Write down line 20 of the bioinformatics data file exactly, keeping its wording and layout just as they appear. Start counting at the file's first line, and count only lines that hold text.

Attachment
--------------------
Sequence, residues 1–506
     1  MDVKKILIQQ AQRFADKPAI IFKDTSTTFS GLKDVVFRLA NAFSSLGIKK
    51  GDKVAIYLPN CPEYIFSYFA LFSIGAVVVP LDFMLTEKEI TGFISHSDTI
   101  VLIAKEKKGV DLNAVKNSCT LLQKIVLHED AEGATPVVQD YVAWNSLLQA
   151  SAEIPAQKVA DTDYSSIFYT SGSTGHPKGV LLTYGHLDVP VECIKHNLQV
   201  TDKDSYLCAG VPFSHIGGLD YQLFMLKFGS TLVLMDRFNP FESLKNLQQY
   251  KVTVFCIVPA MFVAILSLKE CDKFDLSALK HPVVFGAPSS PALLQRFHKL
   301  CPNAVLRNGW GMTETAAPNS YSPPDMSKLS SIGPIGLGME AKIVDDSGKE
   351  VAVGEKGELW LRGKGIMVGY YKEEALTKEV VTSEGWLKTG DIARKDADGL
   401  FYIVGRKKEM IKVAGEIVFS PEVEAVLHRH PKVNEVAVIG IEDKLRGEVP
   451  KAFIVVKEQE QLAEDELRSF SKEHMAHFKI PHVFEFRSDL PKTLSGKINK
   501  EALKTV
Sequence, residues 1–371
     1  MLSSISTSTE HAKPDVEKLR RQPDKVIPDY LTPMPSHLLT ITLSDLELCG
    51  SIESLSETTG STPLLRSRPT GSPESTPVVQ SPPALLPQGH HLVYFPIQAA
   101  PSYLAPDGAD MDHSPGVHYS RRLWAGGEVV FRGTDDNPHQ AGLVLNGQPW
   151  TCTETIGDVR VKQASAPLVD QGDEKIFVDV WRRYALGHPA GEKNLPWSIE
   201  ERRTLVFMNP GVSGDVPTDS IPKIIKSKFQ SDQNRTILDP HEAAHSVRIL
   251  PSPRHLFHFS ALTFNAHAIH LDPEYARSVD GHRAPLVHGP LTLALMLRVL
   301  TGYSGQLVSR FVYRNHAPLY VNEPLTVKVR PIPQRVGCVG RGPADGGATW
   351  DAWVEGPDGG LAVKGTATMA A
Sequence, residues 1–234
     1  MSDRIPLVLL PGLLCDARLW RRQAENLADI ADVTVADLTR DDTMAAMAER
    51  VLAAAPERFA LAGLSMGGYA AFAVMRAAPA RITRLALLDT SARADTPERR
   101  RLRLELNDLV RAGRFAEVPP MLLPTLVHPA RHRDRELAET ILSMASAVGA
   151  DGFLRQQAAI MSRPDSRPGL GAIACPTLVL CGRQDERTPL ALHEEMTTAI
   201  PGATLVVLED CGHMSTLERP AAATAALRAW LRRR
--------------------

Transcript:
   301  TGYSGQLVSR FVYRNHAPLY VNEPLTVKVR PIPQRVGCVG RGPADGGATW